Norfolk needs new memorial to honour Second World War heroes

PUBLISHED: 21:14 08 November 2018 | UPDATED: 07:25 09 November 2018

The Cenotaph in London. Norfolk needs a new memorial to honour our war heroes, says Nick Conrad

The Cenotaph in London. Norfolk needs a new memorial to honour our war heroes, says Nick Conrad


As Remembrance Sunday nears, Nick Conrad says it’s time Norfolk honoured the heroes of Dunkirk

On Sunday, as Britain falls silent, who will you be thinking of? My mind whirls through a carousel of individuals I’ve known, admired or read about, who’ve made the ultimate sacrifice for our country. As you can imagine, as someone who enjoys reading about our nation’s history, my mind wanders between the personal losses so many have endured to the wider consequences of war. For me, two minutes is never enough time. I find the silence comforting, constructive and hugely poignant.

This year I’ll spare a moment for those who called this county home, who lost their lives fighting for their country. Norfolk is a proud military county. Prominent individuals who’ve held high rank in our armed forces populate our history. As ever, it’s the story of the everyday men and women that has really captured my imagination. None more so than the story of the brave men who experienced hell in ‘paradise’ – Le Paradis to be exact.

On May 24, 1940, the British and Allies beat a retreat to Dunkirk. Our troops hurriedly scrambled for the coast in 
the hope of salvation. The invasion had been disastrous, abandoned equipment was strewn across the French countryside. The terrifying reality of capture motivated the swift exit and evacuation. The Germans, thank God, halted –allowing 338,000 men the comforting sight of The White Cliffs of Dover and the relative sanctity of Blighty. Not all could evacuate. Some brave souls had to stay to fight.

The 3rd Company SS Division Totenkopf, consisting of fanatical and hardened Nazis, pressed on. The Second Battalion of the Royal Norfolk Regiment and the Eighth Lancashire Fusiliers were given the daunting task of holding the line. What must these young men have been thinking whilst holding that line?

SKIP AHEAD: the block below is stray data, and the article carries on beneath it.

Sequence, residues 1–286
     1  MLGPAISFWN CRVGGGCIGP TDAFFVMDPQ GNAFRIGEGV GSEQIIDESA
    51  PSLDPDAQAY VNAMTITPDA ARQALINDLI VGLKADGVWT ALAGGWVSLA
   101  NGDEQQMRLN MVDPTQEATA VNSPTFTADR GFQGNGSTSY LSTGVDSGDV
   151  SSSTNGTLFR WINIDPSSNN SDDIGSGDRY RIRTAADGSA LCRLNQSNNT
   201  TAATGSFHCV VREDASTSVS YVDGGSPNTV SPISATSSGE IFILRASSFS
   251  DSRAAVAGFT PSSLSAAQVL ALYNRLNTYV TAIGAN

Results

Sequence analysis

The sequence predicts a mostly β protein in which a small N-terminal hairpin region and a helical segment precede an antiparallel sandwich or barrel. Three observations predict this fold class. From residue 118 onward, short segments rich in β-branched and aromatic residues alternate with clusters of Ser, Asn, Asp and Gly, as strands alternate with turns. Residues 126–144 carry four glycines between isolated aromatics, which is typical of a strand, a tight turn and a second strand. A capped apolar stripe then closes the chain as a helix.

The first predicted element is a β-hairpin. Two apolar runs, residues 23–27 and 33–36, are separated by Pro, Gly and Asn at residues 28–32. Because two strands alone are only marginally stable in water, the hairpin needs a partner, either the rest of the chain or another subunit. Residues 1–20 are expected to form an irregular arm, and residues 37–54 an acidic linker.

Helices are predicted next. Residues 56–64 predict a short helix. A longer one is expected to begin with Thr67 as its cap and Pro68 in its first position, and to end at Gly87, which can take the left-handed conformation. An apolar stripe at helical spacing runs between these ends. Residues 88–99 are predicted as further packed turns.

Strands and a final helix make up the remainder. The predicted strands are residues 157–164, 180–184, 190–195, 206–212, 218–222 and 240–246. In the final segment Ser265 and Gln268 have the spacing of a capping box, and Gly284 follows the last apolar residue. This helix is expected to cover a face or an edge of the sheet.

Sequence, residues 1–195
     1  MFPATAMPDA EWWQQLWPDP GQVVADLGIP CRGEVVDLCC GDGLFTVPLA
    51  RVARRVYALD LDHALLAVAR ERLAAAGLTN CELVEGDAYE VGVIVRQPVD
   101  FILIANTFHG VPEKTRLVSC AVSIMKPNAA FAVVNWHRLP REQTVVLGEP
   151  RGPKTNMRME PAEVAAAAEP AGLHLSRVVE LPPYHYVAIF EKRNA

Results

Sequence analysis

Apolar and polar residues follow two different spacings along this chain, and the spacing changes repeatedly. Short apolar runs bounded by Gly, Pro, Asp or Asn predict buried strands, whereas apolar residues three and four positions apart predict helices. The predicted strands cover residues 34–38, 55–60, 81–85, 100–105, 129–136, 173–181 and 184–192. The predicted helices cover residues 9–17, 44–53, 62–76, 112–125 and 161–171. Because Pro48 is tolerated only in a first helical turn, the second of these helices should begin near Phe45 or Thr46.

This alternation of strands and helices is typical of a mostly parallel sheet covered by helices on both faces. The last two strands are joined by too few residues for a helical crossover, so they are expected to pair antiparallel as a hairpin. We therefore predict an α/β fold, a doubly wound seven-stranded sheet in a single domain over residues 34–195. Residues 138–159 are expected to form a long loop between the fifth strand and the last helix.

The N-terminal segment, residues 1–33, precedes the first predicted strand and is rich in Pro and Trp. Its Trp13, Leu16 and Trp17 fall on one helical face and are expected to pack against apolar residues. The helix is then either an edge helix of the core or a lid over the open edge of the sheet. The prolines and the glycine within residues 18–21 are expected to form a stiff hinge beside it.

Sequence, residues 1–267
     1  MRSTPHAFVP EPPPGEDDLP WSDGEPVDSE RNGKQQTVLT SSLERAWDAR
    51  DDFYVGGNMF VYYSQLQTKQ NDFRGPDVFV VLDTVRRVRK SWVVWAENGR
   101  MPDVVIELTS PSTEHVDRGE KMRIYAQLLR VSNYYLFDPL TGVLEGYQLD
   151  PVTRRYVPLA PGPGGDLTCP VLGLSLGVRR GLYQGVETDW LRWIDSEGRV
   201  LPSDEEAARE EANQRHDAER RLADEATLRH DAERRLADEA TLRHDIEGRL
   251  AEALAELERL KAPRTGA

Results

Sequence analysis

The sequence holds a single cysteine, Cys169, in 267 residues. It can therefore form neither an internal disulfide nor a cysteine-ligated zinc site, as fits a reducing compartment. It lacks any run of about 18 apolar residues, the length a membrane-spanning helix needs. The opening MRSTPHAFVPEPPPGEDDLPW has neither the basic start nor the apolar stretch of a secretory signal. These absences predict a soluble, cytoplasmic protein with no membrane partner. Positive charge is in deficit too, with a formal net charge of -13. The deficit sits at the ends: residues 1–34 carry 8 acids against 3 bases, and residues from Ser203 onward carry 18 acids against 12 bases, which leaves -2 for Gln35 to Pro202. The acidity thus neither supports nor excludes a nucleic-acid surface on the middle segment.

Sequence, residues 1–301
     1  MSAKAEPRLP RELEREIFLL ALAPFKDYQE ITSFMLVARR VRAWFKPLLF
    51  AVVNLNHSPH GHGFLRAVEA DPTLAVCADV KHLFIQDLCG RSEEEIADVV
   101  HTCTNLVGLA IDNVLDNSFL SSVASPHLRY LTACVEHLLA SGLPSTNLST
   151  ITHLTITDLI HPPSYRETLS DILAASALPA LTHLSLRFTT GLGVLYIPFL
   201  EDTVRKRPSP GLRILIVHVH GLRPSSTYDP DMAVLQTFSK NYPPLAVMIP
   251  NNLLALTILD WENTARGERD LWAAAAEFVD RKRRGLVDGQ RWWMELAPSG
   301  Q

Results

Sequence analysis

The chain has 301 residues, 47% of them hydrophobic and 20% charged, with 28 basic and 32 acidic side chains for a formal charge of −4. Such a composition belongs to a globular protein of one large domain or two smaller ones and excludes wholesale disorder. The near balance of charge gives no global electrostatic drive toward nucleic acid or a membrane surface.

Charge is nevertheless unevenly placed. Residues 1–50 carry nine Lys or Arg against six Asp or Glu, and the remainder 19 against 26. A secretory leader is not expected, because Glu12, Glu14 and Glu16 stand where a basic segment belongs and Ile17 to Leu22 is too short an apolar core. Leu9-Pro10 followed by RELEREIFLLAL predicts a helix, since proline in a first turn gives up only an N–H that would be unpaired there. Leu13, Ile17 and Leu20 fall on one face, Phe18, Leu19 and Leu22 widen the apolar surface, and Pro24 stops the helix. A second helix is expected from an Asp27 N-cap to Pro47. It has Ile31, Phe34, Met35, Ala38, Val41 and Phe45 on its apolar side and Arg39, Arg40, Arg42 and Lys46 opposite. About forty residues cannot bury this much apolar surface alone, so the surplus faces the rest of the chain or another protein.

Inevitably confrontation came for the Royal Norfolks. Set up in their makeshift headquarters at a rural farmhouse known as Duriez Farm they fell under a hail of bullets. In a fog of confused orders, they did 
their level best to halt the German advance. Eventually they gave up the ramshackle farmhouse, sheltering in a nearby cowshed. As the ammunition ran out, the desperation and realty of the situation became apparent. The 99 men, under the command of Major Lisle Ryder, consulted and consoled each other before raising the white flag.

The Germans seized the men’s weapons and marched them towards another barn. Lined up against the cold stone outbuilding, they expected to be taken prisoner. However, two German machine guns were raised in their direction and many were mowed down under a hail of bullets – crudely ripping through their flesh before ricocheting off the masonry. Survivors were bayonetted until their lifeless bodies surrendered. Remarkably, two men survived.

Bill O’Callaghan was hit in the arm and knocked to the ground. ‘Luckily’ another body landed on him, and he had the foresight to play dead. He lay motionless despite knowing the Germans were thrashing and slashing his comrades around him. The shrill whistle of German commandment ended the orgy of violence, and Bill slipped into unconsciousness. Two hours later he was awoken by the only other survivor, Bert Pooley. The two men worked together, sheltering in a pigsty, surviving on raw potatoes and sipping water from puddles. The French landowner eventually found them, ignoring the clear danger she faced for aiding a British soldier. Eventually both men were captured and made POWs. Bert was repatriated, deemed no longer a threat to the Germans due to his injuries. Bill spent the rest of the war incarcerated.

I’ve just given you an overview of one of the most incredible stories from the Second World War. Hearing about the actions of these brave men fills me with pride that they came from our county of Norfolk. Now our country needs to honour them. That’s why I’m passionately putting my name behind calls for a memorial to be erected in Norfolk.

The successful evacuation from Dunkirk, that ‘miracle’ that to this day stirs such emotion inside of me, was made possible by the selfless defence of the Dunkirk perimeter – by troops who knew they would not be rescued.

These men are true heroes, and their story must be enshrined in a prominent monument in our county.

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